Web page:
Sunday, December 15, 2013

Citizen Opinion - What Influences It?

I just finished a graduate degree in public leadership from Virginia State University. My research for the degree focused on the opportunity to improve citizen satisfaction with local government by leveraging the trends of social media and the internet.

I conducted  an online survey, receiving 153 responses from 20 states. 70% of the responses were from Virginia. I haven't determined the best way to release the short research paper I created for the course, but I wanted to show some of the more interesting results.

With the topic of the research being ways to improve citizen satisfaction with local government, I was very interested in the results from the following question: "Which things influence your opinion (positively or negatively) of your local government?". There were 10 answers, randomly ordered in a list, and the respondent could select as many as they liked.

Below is the chart that represents the results. What trends do you see?
First of all, this chart would suggest that social media does not heavily influence opinion of local government. Not good news for my research paper! There are other survey questions that highlight the importance of social media with regards to citizen communications.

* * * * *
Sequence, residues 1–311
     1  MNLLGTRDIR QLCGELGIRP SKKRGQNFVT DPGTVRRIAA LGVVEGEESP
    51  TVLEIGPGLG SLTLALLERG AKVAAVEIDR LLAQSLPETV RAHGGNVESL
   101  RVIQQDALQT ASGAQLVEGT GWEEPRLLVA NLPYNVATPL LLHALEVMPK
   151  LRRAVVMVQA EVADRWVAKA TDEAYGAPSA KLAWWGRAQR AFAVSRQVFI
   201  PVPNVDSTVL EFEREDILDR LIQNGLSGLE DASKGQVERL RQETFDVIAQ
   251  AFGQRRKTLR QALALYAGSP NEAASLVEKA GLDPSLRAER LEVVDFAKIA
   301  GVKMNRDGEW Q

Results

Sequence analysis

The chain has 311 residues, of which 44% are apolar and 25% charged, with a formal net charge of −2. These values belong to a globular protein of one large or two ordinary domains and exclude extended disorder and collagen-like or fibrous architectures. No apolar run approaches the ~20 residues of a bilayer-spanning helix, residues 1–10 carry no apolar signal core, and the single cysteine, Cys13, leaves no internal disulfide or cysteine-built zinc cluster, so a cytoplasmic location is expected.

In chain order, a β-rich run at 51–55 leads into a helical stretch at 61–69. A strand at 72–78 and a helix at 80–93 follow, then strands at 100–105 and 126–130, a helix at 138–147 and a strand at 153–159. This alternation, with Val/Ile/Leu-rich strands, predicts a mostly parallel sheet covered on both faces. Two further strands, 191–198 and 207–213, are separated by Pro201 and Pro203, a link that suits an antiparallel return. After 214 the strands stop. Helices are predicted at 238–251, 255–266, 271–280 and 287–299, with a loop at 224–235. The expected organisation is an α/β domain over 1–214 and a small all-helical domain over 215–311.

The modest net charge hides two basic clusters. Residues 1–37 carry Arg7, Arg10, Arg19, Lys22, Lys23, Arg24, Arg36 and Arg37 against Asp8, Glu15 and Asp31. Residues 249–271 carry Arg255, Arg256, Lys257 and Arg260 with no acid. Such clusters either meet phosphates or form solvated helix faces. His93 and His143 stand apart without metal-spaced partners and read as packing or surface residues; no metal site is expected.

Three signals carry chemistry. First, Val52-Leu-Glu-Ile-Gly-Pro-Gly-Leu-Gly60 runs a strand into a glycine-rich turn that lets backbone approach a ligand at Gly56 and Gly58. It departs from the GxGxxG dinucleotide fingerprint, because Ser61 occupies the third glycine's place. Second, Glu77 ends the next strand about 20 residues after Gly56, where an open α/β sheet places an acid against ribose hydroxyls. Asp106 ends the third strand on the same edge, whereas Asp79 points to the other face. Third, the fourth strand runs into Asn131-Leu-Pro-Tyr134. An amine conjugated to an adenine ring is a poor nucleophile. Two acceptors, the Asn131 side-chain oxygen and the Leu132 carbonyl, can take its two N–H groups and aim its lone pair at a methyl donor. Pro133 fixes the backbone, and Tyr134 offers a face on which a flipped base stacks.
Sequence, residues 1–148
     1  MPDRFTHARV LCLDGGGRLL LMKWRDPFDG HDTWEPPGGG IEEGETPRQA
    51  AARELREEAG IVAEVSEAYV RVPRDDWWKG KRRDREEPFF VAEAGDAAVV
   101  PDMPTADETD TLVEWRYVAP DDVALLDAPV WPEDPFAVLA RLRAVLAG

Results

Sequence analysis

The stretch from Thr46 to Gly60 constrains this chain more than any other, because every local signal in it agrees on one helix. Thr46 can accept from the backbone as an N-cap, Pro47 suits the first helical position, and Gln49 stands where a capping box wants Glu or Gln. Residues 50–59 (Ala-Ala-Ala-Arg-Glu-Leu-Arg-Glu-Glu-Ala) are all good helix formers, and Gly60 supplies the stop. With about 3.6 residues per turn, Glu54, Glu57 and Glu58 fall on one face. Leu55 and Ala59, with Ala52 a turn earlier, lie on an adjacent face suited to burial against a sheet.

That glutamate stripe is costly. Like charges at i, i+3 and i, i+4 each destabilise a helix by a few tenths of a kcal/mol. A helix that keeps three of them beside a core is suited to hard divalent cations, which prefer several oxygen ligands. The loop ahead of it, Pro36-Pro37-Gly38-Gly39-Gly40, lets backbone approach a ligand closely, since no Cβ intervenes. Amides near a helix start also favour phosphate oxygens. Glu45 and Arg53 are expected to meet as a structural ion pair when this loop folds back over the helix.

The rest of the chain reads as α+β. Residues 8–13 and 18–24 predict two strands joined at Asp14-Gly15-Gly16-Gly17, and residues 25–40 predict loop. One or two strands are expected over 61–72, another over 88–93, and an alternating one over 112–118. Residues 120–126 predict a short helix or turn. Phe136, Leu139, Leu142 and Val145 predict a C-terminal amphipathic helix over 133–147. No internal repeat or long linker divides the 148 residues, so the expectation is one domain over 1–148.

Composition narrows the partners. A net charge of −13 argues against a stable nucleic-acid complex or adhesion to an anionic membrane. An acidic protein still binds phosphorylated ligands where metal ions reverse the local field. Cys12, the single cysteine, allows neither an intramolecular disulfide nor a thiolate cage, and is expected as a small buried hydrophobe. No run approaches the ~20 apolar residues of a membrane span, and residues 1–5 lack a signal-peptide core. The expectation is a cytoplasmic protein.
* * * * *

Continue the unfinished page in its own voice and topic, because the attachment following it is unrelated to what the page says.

Secondly, there is a clear break between the top 5 categories and everything else. The top 5 are mainly direct-service-delivery style activities. They are hands on. They do not rely on third parties to communicate. Citizens apparently care less about news broadcasts regarding taxes than the tax rate itself.

Thirdly, the impact of bad news from the Federal & State level is overstated. Anyone in local government will tell you citizens consider local government "guilty by association" when it comes to bad news from the Federal & State level. This research would suggest it is not as influential as we think.

Efficiency. Controlling waste. Openness. Transparency. Public Services. These are some of the basics of local government. This research suggests that if local government leaders want to improve citizen opinion they need to focus on those direct touch points with the citizens. Do the basics well. The citizens will respond to that.


Steve Fisher said...

Out of curiosity, are there any differences if you take the Virginia respondents out? If you break out the data by region?

Bill Schrier said...

Interesting results. Do you have any information on the respondents? It would be interesting to see if they work in government, ages, etc.

Barry Condrey said...

I have not further analyzed it, due primarily to time. The only other demographic I recorded is age. I have lots of other findings I will be reporting though. Thanks for the comments!